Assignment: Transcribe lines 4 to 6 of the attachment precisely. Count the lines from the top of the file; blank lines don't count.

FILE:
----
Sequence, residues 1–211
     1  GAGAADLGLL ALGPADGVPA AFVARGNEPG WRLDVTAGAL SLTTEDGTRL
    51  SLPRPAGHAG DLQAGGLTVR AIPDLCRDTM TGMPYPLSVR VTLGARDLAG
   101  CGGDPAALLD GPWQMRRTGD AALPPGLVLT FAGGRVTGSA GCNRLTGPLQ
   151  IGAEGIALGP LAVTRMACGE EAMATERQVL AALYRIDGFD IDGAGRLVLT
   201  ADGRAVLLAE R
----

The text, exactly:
   101  CGGDPAALLD GPWQMRRTGD AALPPGLVLT FAGGRVTGSA GCNRLTGPLQ
   151  IGAEGIALGP LAVTRMACGE EAMATERQVL AALYRIDGFD IDGAGRLVLT
   201  ADGRAVLLAE R